Issues do not end here. Abercrombie revels in his grimy fantasy world, but the book draws some bleak conclusions. The `good' characters were never likely to prevail more than the `bad' characters, but almost everyone takes such a pounding that you can't help feeling a little deflated. Despite the downbeat nature of the book, it does not detract from how awesome Abercrombie's writing is.Read more ›
On the one hand I want to give it the best review I possibly can because, just as with the previous two novels, Joe Abercrombie has produced a well written tale with brilliant characters and an unforgettable world. Throw on top of that the unbelievable number of twists thrown into this novel and I found myself loving every moment of it. Whilst a lot of those twists you will see coming a mile off, they only serve to mask all the other countless twists that will genuinely take you by surprise.
However, on the other hand this book suffers from a hugely unsatisfying ending. There was about a hundred pages to go when I started to suspect that I wouldn't be happy with how things were going to finish. The story was winding down and there were just so many unresolved story lines that I couldn't imagine them all being summed up. The sad fact is that none of them were, at least not to a finality. I finished this book wondering if this really was the end of a trilogy or if maybe it is just a middle book of a series waiting upon the next.
Continuing his trend of brutal writing that kind of hints that there will not be any happy endings for his characters, we are left feeling that no one has come out the happier for the experiences in this novel, save maybe one whom I won't name right now to saving spoiling the ending for those who haven't read it. There was a time when I would have called this kind of writing brave being as we are in a world where most tales finish with a happy ending. However in recent times there have been a large number of these gritty books that aim for a brutal realism that leaves most stories unhappy and the sad trend in them all is that there are no happy endings for anyone.Read more ›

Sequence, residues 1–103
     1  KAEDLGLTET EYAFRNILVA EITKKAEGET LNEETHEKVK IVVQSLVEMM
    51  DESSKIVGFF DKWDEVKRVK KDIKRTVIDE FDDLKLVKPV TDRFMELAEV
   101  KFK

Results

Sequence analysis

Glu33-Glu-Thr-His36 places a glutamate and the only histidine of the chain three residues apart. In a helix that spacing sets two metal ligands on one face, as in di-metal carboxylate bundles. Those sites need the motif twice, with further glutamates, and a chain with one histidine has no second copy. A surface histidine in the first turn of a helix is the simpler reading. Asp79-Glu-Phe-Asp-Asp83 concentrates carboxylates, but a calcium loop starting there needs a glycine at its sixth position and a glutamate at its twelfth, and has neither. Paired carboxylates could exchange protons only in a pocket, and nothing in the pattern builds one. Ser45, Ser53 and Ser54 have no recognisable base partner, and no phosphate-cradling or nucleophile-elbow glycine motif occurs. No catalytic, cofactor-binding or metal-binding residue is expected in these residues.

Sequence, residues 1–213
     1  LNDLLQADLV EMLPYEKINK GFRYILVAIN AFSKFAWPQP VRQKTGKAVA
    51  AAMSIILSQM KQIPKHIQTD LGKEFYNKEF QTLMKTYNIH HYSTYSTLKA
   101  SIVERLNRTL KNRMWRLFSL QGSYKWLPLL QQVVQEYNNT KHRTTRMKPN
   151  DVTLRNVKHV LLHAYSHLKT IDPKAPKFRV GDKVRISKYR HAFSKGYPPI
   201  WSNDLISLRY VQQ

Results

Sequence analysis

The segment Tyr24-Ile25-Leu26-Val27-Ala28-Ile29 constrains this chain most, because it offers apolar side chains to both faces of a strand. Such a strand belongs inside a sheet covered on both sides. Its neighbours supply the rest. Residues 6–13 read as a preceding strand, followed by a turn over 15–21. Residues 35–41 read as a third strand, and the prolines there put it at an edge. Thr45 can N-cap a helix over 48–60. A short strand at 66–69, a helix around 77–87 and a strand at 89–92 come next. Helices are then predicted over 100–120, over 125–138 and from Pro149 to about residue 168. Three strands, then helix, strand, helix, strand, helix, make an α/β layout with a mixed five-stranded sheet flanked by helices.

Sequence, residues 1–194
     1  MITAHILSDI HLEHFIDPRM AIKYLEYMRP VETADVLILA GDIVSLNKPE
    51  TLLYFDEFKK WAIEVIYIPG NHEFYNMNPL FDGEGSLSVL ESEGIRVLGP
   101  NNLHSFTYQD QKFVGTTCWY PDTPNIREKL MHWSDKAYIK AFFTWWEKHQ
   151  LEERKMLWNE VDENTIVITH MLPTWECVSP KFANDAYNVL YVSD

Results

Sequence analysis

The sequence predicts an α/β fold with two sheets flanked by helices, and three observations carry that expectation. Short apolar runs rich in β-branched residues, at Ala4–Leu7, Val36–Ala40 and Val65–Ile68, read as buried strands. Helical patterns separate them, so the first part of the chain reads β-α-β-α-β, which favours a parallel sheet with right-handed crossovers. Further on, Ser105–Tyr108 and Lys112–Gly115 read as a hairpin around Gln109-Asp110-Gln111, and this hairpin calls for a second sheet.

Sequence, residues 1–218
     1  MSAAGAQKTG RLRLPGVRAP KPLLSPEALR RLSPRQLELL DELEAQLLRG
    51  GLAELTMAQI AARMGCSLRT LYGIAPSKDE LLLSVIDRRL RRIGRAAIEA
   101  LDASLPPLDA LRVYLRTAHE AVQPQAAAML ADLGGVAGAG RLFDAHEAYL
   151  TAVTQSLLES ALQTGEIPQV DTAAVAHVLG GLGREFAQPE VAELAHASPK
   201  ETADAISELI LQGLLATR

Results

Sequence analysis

Most Recent Customer Reviews
Fantastic trilogy. If you like lord of the rings you will love this. All great characters written with humour resulting in books you can't put down.Published 20 days ago by Kimmie Lindley
I've really enjoyed this trilogy, and this book in particular.
The author has done a great job of building up these characters up to where they end up here. Read more
I feel kind of miffed that I didn't get 'turned on' to Joe Abercrombie earlier. Abercrombie's characters are so well drawn - especially Glokta - it's as if they temporarily people... Read morePublished 2 months ago by NDC
Liked it. Characters true to form and enough plot twists and turns to make it interesting. The "heroes" have the right mix of good and evil - you root for them even when they are... Read morePublished 2 months ago by Frankensteinsmaster
I got these books on Audible and the only reason I waded through the trilogy is because of the amazing narrator (Steven Pacey). Read morePublished 3 months ago by Amazon Customer